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      Reprinted courtesy of Anthony B. Cavender, Pillsbury
      Mr. Cavender may be contacted at

      Montana Supreme Court: Insurer Not Bound by Insured's Settlement

      December 02, 2019 —
      In Draggin’ Y Cattle Co., Inc. v. Junkermier, et al.1 the Montana Supreme Court held that where an insurer defends its insured and the insured subsequently settles the claims without an insurer’s participation, a court may approve the settlement as between the underlying plaintiff and underlying defendant, but the settlement will not be presumed reasonable as to the insurer. Therefore, an insurer who defends its insured cannot be bound by a stipulated settlement that the insurer did not expressly consent to. The case involved Draggin’ Y Cattle Company (the “Cattle Company”), a ranching and cattle business that utilized the services of an accounting firm, Junkermier, Clark, Campanella, Stevens, P.C. (“Junkermier”), to structure the sale of real property to take advantage of favorable tax treatment. It was discovered that Junkermier’s employee misinformed the Cattle Company’s owners of the tax consequences of the sale. The Cattle Company’s owners subsequently filed suit against Junkermier and its employee and alleged nearly $12,000,000 in damages due to the error. Junkermier’s insurer, New York Marine, provided a defense for Junkermier and its employee. The Cattle Company’s owners offered to settle the claims against Junkermier and its employee for $2,000,000, the policy limit of the New York Marine policy. New York Marine refused to give its consent or tender the policy’s limit. Subsequently, Junkermier, its employee, and the Cattle Company entered into their own settlement agreement for $10,000,000. The settlement was contingent upon a reasonableness hearing to approve the stipulated agreement. Read the court decision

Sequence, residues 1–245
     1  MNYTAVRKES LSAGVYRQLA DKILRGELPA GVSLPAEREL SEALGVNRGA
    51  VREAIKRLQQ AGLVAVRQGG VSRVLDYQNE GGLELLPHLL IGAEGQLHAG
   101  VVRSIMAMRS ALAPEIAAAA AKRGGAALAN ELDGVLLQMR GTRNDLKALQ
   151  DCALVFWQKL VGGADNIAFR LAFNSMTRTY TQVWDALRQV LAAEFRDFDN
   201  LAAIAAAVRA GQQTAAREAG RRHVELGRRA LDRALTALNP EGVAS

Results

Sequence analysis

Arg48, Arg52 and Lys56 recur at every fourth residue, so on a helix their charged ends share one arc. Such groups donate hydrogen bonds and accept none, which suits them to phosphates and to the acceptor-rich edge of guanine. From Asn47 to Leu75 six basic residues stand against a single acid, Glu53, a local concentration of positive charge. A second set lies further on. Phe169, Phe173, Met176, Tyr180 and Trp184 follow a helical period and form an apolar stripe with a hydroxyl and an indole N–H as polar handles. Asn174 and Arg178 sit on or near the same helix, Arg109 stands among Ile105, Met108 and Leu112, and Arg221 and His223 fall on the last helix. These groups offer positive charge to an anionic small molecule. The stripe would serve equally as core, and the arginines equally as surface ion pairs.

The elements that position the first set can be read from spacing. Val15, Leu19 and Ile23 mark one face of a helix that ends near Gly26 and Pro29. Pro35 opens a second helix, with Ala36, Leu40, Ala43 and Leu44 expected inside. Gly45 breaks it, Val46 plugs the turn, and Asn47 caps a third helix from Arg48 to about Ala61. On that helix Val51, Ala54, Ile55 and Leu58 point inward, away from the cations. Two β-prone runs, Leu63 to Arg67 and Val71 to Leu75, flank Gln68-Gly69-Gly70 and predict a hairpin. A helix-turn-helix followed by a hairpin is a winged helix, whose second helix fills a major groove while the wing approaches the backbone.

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      Reprinted courtesy of K. Alexandra Byrd, Saxe Doernberger & Vita, P.C.
      Ms. Byrd may be contacted by

      Trio of White and Williams Attorneys Named Top Lawyers by Delaware Today

      January 06, 2020 —
      White and Williams is pleased to announce that John Balaguer, Managing Partner of the Wilmington office, Partner Stephen Milewski, and Counsel Dana Spring Monzo have been chosen by their peers as Delaware Today's 2019 "Top Lawyers." The annual list recognizes John, Steve and Dana in the practice area of Medical Malpractice, Defense. Delaware Today conducts an annual survey of the 4,900 members of the Delaware State Bar Association to identify top lawyers in specific practice areas. The magazine’s editors compile the results to create the annual Top Lawyers list, which is published in the November issue. Reprinted courtesy of White and Williams attorneys John Balaguer, Stephen Milewski and Dana Monzo Mr. Balaguer may be contacted at Mr. Milewski may be contacted at Ms. Monzo may be contacted at Read the court decision